As Geoff Quinsey, the city’s manager of water and waste services, explained to council July 15: “As the south end (of the landfill) has not been developed, divertible and separated materials such as scrap metal are being stored immediately south of the current land filling area.

“There are now conflicting piles of materials including scrap metals, concrete, old tires, stored telephone poles, grubbing, and partially-buried piles of waste from the original development of the (landfill).”

To optimize operations, new deposit areas would be created with the work to include realignment of the access road to the south end, upgrades to the special waste area; clearing; and creating stockpile areas for concrete, metals, grubbing and diverted materials.

“New stockpile areas are most critical in preparing to operate efficiently as a hub in the territory’s proposed regionalized Solid Waste Management System,” Quinsy said.

Coming in over the initial $300,000 that had been set aside in gas tax funding for the work, Quinsey said initial estimates were based on previous work done in past years at the landfill.

The additional funds for the work would come from the capital reserve, which would be reimbursed if the Yukon government approves the city’s application for a fund increase through gas tax for the work.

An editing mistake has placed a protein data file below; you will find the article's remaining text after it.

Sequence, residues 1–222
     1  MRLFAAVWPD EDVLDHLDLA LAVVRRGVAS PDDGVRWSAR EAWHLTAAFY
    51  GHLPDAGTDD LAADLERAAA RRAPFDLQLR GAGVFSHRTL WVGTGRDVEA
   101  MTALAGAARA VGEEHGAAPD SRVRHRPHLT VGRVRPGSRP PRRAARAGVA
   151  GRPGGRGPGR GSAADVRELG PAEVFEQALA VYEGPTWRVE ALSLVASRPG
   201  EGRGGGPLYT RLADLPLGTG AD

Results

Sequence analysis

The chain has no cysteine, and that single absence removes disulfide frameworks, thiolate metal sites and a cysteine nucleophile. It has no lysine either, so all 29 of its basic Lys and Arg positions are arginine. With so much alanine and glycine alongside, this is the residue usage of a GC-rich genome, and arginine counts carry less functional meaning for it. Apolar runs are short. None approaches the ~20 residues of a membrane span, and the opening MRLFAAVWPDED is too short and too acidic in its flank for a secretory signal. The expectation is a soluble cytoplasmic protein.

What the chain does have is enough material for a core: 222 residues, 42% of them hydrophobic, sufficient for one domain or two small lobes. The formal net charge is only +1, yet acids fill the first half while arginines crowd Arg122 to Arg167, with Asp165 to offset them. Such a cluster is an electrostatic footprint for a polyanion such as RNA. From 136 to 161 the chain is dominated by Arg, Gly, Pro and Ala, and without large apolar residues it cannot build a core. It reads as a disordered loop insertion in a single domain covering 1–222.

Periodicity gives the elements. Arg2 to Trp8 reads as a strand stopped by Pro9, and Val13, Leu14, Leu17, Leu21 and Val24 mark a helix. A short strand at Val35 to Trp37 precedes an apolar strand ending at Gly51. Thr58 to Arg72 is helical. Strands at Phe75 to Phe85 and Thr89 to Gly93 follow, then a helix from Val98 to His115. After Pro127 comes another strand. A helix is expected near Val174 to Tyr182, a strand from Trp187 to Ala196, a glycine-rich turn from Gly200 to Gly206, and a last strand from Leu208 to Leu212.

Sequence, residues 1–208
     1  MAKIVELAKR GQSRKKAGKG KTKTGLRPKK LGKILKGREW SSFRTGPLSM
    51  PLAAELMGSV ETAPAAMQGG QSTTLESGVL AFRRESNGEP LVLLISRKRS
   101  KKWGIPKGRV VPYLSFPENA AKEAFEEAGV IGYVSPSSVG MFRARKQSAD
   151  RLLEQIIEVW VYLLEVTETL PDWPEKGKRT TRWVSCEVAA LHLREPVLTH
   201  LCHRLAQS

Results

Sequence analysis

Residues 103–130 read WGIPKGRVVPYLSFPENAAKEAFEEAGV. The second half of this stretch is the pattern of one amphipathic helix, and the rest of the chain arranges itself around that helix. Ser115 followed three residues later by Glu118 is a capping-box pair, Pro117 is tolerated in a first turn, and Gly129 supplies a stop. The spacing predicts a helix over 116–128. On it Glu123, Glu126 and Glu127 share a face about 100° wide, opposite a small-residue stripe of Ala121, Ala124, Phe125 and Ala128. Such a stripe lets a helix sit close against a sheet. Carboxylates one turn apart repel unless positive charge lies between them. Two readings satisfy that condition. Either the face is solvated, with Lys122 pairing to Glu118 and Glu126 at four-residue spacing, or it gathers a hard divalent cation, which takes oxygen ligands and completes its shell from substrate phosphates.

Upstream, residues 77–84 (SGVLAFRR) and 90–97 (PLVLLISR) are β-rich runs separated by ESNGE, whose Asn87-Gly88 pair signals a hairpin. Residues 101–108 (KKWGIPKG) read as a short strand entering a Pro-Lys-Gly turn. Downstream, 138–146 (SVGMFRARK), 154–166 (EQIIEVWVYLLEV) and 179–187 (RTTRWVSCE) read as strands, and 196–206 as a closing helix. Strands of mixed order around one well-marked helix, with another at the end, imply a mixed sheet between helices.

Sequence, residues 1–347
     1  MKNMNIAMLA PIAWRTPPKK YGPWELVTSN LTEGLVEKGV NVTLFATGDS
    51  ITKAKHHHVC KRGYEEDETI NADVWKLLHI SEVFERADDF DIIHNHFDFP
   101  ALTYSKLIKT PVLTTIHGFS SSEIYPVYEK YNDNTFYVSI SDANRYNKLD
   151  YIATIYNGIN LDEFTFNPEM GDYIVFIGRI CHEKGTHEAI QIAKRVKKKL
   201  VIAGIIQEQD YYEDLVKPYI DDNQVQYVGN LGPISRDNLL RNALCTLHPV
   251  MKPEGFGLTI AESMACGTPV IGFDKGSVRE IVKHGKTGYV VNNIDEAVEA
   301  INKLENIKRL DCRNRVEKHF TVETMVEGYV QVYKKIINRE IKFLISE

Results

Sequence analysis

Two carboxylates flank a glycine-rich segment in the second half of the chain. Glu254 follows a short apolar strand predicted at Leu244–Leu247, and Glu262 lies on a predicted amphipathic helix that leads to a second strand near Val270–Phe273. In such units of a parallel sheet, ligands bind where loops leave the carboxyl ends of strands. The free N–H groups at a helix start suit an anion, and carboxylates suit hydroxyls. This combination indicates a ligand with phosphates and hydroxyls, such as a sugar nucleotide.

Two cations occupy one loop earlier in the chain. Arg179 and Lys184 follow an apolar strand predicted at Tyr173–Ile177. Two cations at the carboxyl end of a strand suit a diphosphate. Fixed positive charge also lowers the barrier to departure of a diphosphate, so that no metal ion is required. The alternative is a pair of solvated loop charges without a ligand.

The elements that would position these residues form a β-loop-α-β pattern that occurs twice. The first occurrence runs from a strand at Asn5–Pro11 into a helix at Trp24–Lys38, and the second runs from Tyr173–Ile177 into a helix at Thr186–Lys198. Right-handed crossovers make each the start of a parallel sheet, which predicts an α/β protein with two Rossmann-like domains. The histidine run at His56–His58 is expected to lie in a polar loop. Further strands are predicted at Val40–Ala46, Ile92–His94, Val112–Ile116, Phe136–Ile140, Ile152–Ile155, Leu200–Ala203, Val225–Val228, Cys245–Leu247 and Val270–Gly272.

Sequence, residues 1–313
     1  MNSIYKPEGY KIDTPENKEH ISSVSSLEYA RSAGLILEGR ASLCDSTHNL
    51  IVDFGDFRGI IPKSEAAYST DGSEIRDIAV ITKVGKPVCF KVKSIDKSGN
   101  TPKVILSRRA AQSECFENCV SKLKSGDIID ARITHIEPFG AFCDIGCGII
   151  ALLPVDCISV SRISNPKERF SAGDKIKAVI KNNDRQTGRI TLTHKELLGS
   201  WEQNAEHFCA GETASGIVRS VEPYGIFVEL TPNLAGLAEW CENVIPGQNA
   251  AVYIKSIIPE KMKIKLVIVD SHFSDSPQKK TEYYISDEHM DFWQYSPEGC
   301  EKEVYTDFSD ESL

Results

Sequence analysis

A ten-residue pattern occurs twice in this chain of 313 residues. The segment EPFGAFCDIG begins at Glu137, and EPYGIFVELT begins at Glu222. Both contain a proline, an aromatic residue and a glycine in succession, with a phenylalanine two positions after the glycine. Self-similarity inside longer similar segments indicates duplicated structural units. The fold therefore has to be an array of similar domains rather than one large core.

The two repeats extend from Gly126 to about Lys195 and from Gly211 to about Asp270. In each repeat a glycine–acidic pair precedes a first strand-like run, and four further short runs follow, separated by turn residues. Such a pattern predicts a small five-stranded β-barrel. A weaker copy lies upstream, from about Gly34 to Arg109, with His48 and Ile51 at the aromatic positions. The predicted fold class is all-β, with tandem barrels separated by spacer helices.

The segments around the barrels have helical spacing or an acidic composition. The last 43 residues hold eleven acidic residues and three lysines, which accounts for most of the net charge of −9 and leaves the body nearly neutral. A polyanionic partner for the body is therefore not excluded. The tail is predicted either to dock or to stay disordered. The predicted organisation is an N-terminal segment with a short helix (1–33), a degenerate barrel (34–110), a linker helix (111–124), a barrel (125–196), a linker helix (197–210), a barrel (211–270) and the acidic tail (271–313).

Council will vote on the contract July 22.

(Stephanie Waddell)

New dasher boards could be coming to Takhini Arena

Hockey and figure skaters in the city may notice a big change at Takhini Arena this fall if council approves awarding a $123,000 contract to Global Sport Resources Ltd.

The company had the only compliant bid on the work to replace the dasher board system at the arena.

As Jeff O’Farrell, the city’s director of community and recreation services, said: “The new dasher board system will raise the height of the tempered glass on the sides from three feet to six feet for increased employee, player and spectator safety.

“The upgrade also includes a complete replacement of kick and puck boards, which are gouged and cracked in various areas.”

Though there have been some minor adjustments to the dasher boards over the years, this marks the first time for full replacement since the arena’s opening in 1984.

“This will represent a significant modernization,” O’Farrell said.

Council will vote on the contract July 22.

(Stephanie Waddell)

Water monitoring contract proposed

Golder Associates could be awarded the $135,823 contract to collect samples and monitor the city’s water supply until the end of 2020.

Geoff Quinsey, the city’s manager of water and waste services, told council the city is in the process of getting a new water license and a short-term 18-month contract is required for the collection and monitoring until a long-term water license is in place.

Golder had the lowest of three bids at $48,414 for the remainder of 2019 and $87,409 for all of 2020.

Council will vote on the contract July 22.

(Stephanie Waddell)

Whitehorse city council